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I’ve probably had more trouble with this prompt than any of the others. I’m wondering if that’s because I tend to be the kind of person that CAN’T let things go and drags their baggage around with them wherever they roam. And my luggage set is old! It doesn’t have any wheels! But seriously, that does seem to be my MO.

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What part of YOU is locked inside this house?

The ONLY thing I can think of that’s even REMOTELY reminiscent of this is what I wanted to do when I went to college. That would actually make my “house” a “high school.”

cropped-poetryI fell in love with English, literature, and words in general in my 9th grade English class. Miss Gourley made a huge impact on my mind and heart that year. And I determined I was destined to be a high school English teacher. Unfortunately I had NO idea how I was going to get there. In those days (yes, I am old enough to say back in “those days”) schools had not yet perfected the fine art of occupational counselors telling you what you wanted to be when you grow up and what kind of aid was out there to help you morph into said profession. So I was totally unaware of programs that could have helped me.

At home I hit a snag. My parents were not able to put any money toward my schooling, and in the meantime I’d received a full scholarship to a business college. The only thing I learned there that I didn’t already know was how to find a hubby! I had a very comprehensive two-hour secretarial course my senior year. Took shorthand at 140 wpm — though I couldn’t type worth a hoot! Still, it was enough to get me that scholarship.

And my parents were all for it. I still remember my dad saying, “If you can take shorthand, you’ll ALWAYS be able to find a job!” (In a couple years shorthand was a thing of the past.) But it wasn’t what I wanted. I wanted to teach, to impart to young minds the same love I had of literature and the English language. But like the dutiful and naive daughter I was, I put my nose to the grindstone and slinked off to business school. Being an English Lit teacher was lost to me forever.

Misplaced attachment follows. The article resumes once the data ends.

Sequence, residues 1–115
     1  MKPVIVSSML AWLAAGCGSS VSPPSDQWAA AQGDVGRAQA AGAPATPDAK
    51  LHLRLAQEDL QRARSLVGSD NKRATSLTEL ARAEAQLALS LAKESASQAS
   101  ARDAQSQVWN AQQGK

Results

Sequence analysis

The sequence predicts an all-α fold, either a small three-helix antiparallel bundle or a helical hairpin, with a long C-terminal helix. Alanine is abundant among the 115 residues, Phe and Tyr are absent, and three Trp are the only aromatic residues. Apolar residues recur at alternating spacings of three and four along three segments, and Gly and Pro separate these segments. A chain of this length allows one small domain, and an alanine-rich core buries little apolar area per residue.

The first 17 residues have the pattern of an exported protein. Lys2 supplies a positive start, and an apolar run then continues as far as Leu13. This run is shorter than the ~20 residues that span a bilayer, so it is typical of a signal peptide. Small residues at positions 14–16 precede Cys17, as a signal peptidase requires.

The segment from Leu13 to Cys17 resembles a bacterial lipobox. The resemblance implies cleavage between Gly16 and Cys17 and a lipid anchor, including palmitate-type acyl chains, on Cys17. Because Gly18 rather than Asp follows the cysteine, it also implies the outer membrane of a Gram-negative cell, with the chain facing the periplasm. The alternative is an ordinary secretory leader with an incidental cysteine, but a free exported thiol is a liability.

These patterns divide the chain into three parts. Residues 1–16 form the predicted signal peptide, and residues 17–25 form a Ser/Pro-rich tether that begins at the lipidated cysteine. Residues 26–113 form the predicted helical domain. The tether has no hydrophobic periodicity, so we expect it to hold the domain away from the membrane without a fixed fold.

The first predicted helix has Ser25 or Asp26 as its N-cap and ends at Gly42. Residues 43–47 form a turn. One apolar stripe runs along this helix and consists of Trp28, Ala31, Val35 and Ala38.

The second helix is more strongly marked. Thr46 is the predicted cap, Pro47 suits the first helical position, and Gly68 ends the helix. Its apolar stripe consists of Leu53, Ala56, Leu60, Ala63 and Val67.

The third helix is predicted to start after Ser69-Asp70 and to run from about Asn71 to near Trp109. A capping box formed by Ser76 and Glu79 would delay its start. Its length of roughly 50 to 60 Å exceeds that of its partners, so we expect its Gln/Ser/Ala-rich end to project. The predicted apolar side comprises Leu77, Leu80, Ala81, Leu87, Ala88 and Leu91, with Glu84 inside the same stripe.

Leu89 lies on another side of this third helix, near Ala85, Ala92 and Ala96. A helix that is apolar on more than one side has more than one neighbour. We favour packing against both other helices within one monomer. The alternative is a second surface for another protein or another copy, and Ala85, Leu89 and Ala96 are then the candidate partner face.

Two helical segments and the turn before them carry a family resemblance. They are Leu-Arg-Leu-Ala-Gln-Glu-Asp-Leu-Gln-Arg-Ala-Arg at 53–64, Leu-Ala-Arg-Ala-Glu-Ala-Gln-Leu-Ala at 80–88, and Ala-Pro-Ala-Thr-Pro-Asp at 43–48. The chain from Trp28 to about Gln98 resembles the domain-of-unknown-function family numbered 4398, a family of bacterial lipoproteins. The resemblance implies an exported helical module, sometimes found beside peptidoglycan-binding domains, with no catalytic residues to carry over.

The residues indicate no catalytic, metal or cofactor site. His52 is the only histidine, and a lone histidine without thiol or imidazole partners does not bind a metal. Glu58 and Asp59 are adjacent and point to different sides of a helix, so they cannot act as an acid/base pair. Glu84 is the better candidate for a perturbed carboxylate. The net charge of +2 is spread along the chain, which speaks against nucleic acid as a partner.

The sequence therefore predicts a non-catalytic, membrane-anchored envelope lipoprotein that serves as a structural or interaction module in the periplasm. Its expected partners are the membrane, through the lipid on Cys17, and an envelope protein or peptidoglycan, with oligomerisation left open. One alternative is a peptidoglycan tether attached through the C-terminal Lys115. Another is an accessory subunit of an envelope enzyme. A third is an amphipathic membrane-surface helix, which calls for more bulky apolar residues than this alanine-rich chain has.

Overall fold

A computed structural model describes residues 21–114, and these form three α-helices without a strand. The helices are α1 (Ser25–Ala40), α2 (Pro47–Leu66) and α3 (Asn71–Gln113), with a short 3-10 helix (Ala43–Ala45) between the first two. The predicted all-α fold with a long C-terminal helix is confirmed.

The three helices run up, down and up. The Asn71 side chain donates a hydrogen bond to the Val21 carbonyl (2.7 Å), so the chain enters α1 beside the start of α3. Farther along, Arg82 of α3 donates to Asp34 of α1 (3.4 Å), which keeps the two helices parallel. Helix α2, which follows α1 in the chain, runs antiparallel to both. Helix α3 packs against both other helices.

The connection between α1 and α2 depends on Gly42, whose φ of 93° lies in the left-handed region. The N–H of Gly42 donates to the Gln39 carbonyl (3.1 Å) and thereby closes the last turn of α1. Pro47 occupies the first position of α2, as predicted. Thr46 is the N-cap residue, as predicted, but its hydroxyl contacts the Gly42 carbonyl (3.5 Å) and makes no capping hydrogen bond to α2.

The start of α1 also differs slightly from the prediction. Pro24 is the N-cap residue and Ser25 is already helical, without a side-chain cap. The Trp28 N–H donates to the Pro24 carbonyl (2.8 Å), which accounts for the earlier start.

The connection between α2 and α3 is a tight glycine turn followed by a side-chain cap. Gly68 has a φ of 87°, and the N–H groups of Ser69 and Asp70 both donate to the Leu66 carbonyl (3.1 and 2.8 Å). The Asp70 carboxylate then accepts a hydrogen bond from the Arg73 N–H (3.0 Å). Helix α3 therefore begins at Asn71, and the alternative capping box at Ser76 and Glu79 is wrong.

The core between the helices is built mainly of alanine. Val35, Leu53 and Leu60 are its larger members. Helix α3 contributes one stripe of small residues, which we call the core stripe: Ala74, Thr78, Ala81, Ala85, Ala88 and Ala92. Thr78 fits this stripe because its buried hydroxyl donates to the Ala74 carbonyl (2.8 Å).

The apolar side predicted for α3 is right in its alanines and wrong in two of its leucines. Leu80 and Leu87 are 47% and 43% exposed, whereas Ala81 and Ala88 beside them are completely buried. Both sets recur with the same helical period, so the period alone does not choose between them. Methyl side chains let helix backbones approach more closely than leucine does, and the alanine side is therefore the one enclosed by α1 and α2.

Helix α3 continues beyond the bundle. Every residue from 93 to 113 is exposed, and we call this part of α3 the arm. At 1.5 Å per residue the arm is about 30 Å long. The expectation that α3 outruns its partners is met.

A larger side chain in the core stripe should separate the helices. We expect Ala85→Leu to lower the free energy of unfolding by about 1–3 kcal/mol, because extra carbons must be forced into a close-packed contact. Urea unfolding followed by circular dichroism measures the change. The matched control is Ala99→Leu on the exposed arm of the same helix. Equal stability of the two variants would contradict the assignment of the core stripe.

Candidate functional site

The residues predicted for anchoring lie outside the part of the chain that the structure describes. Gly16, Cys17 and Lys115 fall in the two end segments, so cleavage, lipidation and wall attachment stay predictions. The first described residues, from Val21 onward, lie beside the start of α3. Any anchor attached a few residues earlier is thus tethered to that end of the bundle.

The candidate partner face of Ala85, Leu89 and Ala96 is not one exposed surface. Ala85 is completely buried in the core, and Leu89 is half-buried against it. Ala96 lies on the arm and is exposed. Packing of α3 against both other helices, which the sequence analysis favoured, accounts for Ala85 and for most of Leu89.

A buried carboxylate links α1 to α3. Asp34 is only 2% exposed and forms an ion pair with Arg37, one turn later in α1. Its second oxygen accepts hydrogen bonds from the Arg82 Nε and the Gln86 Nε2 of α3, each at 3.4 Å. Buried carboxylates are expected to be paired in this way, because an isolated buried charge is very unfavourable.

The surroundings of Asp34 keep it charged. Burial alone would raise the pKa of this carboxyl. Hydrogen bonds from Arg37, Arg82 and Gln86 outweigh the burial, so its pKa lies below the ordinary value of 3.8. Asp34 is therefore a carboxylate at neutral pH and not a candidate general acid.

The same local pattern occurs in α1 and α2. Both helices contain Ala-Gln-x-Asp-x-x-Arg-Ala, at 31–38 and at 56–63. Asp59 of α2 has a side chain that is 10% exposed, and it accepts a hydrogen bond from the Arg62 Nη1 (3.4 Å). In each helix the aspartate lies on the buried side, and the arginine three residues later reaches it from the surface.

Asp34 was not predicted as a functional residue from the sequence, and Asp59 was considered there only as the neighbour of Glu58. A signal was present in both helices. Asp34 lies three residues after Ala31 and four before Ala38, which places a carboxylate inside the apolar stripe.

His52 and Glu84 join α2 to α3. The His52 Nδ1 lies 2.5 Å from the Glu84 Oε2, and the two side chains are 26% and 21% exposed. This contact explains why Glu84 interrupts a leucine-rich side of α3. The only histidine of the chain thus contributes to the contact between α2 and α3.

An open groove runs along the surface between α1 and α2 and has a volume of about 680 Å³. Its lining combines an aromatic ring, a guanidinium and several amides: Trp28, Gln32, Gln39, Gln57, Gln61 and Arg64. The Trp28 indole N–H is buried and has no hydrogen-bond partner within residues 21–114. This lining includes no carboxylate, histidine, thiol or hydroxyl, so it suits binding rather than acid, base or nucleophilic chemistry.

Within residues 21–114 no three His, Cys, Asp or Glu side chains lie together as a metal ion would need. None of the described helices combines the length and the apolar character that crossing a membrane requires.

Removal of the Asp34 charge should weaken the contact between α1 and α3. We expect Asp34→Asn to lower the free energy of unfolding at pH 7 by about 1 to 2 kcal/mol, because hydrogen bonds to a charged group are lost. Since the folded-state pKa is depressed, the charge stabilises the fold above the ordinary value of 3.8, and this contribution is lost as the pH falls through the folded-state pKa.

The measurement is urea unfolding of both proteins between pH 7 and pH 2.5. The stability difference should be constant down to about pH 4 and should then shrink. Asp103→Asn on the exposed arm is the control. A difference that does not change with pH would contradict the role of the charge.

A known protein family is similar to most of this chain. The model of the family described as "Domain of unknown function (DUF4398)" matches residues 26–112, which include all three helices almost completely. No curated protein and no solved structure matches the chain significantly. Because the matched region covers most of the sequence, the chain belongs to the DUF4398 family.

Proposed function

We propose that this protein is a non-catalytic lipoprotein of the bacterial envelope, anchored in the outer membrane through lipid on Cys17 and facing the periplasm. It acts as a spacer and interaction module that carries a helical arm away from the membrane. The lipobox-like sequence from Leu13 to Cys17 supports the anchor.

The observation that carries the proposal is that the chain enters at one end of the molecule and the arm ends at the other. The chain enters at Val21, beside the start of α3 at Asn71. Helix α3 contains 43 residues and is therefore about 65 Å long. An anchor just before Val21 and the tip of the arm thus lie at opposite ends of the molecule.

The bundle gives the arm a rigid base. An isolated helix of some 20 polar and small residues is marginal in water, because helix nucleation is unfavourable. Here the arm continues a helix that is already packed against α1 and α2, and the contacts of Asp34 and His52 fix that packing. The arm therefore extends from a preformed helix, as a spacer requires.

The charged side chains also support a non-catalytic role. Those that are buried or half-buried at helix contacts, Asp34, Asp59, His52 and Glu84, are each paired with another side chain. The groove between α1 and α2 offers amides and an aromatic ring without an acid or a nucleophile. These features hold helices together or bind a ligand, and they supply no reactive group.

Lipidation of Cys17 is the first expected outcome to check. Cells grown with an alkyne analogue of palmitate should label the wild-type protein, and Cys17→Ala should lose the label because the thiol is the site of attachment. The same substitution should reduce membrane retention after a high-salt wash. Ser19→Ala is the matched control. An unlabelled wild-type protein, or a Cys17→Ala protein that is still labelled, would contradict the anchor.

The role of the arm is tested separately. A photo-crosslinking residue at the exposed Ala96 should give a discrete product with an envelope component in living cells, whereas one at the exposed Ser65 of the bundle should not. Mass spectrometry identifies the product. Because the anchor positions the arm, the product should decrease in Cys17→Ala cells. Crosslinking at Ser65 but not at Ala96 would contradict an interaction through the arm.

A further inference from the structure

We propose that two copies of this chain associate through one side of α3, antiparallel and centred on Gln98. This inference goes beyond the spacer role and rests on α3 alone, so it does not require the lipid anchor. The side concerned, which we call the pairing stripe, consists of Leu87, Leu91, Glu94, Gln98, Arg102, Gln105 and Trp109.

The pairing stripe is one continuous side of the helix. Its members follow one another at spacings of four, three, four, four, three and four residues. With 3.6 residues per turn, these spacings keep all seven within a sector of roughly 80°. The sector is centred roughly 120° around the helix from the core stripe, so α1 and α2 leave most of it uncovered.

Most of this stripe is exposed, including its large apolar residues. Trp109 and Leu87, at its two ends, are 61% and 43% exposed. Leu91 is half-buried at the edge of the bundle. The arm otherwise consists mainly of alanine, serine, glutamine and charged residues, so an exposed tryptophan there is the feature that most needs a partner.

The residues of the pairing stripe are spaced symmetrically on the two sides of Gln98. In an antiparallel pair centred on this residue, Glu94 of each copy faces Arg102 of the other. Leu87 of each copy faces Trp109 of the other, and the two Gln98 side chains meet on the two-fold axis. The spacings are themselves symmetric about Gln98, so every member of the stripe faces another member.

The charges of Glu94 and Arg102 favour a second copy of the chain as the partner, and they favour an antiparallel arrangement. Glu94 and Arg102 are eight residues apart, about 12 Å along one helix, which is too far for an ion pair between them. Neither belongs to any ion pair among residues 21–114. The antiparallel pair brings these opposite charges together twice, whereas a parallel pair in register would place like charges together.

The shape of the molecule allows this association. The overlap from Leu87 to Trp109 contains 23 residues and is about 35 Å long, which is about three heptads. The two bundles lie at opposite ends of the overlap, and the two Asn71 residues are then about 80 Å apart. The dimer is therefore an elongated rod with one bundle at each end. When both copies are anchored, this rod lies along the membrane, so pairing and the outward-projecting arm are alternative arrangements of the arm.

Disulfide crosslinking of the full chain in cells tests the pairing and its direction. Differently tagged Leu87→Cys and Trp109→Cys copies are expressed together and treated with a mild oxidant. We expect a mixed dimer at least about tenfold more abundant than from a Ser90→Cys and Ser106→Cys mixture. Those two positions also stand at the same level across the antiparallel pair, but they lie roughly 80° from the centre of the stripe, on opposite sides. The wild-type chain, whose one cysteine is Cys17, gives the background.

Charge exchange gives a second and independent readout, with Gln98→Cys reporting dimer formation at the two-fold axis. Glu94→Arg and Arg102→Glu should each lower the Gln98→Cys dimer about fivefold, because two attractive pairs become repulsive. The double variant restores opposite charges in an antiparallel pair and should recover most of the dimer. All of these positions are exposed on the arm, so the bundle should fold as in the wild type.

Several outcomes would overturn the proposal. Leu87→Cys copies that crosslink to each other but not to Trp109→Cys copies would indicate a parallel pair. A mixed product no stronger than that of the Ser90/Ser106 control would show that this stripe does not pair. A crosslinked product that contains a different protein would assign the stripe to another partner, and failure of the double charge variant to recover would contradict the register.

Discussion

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What can you do to free that part of yourself?

As to what can I do to free that part of myself that got left behind, I think I already did to a certain extent. I was sought out to teach kindergarten in a parochial school which I could do because I had a degree in “something.” Didn’t need to be teaching. And I realized pretty quickly just having a teaching certificate does NOT a teacher make. I accepted the job offer, taught for five years, was nominated for the local newspaper’s Teacher of the Year program. Kind of unheard of for someone with no teaching degree, which tickled me pink.

teacher-apple-clipart-teacher-apple-border-clipartteacher-apple-clipart-free-clip-art-clip-art-free-clip-art-sosuptbsI found out I would have made a great teacher. And eventually I went on to tutor in the public school system here. I enjoyed the younger kids more than I ever imagined I would. But I still have some regrets over not pursuing teaching English. Drollery and I got married right after we graduated, and it never occurred to me I could have gone to Weber and gotten a degree if I wanted to. We didn’t have a family for six years. The timing would have been perfect. But Lord knows I SO struggle from tunnel vision.

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So there you have it. Nothing spectacular. No huge regrets. Now if I could just figure out how to divest myself of all this unnecessary baggage I’m carting around with me!

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The Sandbox Writing Challenge 22 — Setting free the captive parts…

 

Picture Credits:
Words — d–h.info
Apple — www.clipartpanda.com

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